Crowd limit rules change again, drawing mixed reactions from athletes, parents


Alli Schroeder

Crowd limits have been eased by the state for both indoor and outdoor sports.

Purbalite Staff

Reactions today from athletes and their parents ranged from anger and frustration through understanding to Thursday’s court decision that at least temporarily reinstates crowd limits at sports events.

The state originally set COVID-19 crowd restrictions at 25 people for indoor events and 250 for outdoor events. A judge overturned those limits and the county announced last week that districts would be able to move to 50 percent capacity for both indoor and outdoor sports.

But the state appealed the judge’s decision, and on Thursday an appellate court said the crowd restrictions should stay in place until a decision is made on the state’s appeal. Since athletes, coaches, and referees are included in the crowd restrictions, this means that once again, either no family member or very limited numbers will be allowed at games, depending on the sport.

District Supt. Randal Lutz said the district wants more family members to be able to attend games, and continues to seek a solution.

Girls volleyball and cross country have been among the sports affected the most, since no spectators are allowed under the crowd restrictions. Last week, when the restrictions had been lifted, the girls volleyball team played only away matches, with parents from visiting teams not allowed to attend.

Senior volleyball player Lousia Tiriobo said the situation is upsetting. 

“I am frustrated that the rules keep changing,” senior volleyball player Lousia Tiriobo said. “My parents are disappointed they can’t go to games. They were looking forward to going to at least one.”

The volleyball team’s senior recognition night is currently scheduled for Oct. 15.

“I am hoping either the restrictions will loosen towards the end of our season, or we can have one outside so that we can have our closest friends and family there,” Tiriobo said.

Senior volleyball player Jess Noss is also upset about the restrictions.

“My parents have been to almost, if not all, of my games for volleyball for my whole life, so for them to not be able to watch me in what could be my final year really stinks,” Noss said.

Not having a crowd at the games has a big effect, Noss said.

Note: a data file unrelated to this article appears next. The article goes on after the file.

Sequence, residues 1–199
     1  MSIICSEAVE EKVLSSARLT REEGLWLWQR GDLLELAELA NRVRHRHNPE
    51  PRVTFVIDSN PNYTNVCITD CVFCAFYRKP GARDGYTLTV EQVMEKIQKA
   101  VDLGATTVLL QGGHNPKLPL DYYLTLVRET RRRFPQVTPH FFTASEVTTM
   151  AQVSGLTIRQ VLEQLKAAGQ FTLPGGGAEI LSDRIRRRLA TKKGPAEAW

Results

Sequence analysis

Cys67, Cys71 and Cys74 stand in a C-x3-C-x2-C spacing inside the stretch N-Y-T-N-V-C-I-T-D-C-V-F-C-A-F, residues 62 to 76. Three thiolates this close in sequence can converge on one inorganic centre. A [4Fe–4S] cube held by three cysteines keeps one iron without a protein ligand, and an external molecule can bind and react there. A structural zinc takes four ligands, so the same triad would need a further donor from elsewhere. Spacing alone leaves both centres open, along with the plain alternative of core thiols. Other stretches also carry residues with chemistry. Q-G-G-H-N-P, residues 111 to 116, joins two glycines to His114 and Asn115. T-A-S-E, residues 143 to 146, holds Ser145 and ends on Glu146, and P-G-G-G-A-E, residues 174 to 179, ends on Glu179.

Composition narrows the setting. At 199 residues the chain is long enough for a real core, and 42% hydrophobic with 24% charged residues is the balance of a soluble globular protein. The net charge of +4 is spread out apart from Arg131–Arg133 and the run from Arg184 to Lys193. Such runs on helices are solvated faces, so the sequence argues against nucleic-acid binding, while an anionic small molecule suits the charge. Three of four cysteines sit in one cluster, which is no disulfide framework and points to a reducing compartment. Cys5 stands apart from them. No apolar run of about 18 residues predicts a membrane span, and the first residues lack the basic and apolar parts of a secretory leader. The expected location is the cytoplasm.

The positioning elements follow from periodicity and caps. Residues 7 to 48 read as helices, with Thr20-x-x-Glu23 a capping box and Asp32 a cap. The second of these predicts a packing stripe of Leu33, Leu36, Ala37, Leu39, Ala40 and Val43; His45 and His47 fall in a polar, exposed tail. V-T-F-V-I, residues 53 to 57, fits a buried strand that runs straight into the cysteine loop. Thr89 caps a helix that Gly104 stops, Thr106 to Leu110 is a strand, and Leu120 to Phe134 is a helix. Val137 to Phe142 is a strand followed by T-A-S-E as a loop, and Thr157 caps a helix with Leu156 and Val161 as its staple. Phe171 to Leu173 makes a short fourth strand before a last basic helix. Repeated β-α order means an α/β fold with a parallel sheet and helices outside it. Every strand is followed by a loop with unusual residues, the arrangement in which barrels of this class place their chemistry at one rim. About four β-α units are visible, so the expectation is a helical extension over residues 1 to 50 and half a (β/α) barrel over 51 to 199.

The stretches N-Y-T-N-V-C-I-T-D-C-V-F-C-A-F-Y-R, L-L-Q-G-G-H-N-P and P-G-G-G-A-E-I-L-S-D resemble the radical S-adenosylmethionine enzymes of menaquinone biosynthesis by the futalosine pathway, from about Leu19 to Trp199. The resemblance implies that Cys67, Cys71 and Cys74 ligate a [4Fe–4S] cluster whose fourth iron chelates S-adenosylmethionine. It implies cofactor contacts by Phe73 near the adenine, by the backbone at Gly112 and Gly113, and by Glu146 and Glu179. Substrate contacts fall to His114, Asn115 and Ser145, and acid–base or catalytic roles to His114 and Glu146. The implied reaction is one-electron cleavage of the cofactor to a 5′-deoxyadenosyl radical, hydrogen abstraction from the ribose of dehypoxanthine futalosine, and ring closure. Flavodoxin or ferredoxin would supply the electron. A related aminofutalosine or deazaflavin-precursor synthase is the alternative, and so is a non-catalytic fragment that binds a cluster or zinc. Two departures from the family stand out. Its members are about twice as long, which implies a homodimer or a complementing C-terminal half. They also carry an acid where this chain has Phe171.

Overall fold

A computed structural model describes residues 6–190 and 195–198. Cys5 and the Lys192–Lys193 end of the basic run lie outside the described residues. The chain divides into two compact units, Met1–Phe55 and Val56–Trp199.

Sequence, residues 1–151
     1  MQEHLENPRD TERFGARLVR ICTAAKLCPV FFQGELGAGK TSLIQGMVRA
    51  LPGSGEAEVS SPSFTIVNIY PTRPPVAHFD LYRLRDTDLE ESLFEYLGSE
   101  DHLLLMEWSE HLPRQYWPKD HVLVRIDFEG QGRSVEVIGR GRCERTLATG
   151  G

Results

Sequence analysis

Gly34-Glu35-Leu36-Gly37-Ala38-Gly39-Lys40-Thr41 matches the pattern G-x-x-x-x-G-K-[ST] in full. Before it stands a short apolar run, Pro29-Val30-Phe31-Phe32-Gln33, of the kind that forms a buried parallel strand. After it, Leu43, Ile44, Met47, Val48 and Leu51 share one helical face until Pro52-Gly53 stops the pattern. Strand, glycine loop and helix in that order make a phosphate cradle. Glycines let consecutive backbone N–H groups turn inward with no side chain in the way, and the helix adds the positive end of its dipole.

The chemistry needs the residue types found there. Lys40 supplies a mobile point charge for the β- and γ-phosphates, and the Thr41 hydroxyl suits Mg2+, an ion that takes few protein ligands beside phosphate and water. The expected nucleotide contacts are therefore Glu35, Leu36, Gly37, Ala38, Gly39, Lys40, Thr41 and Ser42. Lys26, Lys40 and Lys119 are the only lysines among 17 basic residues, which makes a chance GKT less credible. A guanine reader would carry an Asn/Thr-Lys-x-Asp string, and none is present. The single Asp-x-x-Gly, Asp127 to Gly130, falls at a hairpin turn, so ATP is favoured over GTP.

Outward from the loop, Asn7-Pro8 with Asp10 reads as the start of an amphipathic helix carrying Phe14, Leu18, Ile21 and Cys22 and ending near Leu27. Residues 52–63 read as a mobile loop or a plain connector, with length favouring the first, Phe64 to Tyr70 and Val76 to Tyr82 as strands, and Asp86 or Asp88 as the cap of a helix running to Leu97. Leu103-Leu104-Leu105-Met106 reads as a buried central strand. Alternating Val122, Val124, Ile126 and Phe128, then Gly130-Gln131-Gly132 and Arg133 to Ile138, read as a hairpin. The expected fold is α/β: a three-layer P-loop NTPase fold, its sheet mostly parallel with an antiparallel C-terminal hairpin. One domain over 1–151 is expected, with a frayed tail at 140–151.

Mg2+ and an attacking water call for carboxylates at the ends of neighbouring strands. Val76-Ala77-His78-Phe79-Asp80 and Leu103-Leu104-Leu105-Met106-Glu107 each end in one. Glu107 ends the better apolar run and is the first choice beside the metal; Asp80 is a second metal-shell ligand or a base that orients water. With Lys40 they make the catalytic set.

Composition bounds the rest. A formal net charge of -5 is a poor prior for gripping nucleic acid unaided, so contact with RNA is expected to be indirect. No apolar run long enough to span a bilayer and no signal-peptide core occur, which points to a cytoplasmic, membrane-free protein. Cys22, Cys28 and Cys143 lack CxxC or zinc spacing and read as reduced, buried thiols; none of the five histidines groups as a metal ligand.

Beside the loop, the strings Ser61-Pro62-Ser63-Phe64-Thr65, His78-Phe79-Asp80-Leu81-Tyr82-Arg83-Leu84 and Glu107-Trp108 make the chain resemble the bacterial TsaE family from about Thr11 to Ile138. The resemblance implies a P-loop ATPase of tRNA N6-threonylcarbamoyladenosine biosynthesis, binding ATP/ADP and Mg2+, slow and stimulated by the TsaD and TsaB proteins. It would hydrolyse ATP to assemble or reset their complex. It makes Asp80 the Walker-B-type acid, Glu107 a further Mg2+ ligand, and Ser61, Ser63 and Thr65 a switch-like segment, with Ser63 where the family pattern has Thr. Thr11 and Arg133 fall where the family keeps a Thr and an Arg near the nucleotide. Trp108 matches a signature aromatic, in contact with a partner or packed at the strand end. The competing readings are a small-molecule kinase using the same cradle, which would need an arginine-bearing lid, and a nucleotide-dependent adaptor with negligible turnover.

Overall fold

My parents like to follow the rules because they want to do everything they can to put an end to this pandemic.”

— Zack Wyse

“They are responsible for our crowd noise, providing the extra energy,” Noss said. 

Baldwin student monitor Dayna Chapla, who is the mother of volleyball player Alexa Chapla, said the news was difficult.

“The timing is just unfortunate,” Chapla said. “It is aggravating that other sports teams can have fans, and how schools have set up for how all of us can be there, but now we can’t be there.” 

Cross country also cannot have fans at its races. Senior cross country runner Zack Wyse said he was upset about the limits, but he understands that these measures are necessary to keep the community safe.  

“I am thankful that my season is not canceled yet and we are still having races, even though there are no fans,” Wyse said. “My parents like to follow the rules because they want to do everything they can to put an end to this pandemic.”

It’s hard to think that we can’t sit in a huge stadium to watch our kids play even while we’re socially distanced.”

— Anthony Oliverio

The football team has had a rough time this season, with the team in quarantine for two weeks in September after an assistant coach tested positive for COVID-19. The Highlanders play Norwin on the road today and will play their first home game of the season next week — but with the crowd restrictions in place.

For football and soccer games, each athlete will receive two tickets to give to family members. Unless the crowd restrictions end up being lifted again, those are the only people who will see the games.

Anthony Oliverio, father of sophomore football player Tyler Oliverio, said he feels frustrated with the uncertainty revolving around the crowd limits.

“I understand that certain limits are necessary for those who are more at risk from the virus, but it’s hard to think that we can’t sit in a huge stadium to watch our kids play even while we’re socially distanced,” Oliverio said.

Oliverio said families just want a clear answer on whether or not they will be able to watch their children play this year, without having to worry about how many people can be present, or if there will be changes to the rules yet again.

Senior football player Luke Loeffert said his parents are frustrated about not being able to attend the games, but they are grateful for the live streaming service.

“They’re very upset about it, but at least they can watch the games online. It’s not ideal but we’re going to take what we can get,” Loeffert said.

Senior marching band member Trisha Miller is glad her parents can attend games, but is disappointed by the limit.

“We’ve been working really hard, plus this is my senior year,” Miller said. “It’s just disappointing that more people won’t be able to see it.”

Still, Miller said she understands and agrees with the limit.

“It is what it is. At the end of the day we need to be doing everything we can to stay safe and responsible,” Miller said. “I’m glad at least my parents will be able to show up and see the band’s performance.”

Editors Colton Brain, Lindsay Bonetti, Grace Hampton,  Maddison Houser, Mason Hurley, Elizabeth Perston, and Ethan Spozarski contributed to this report.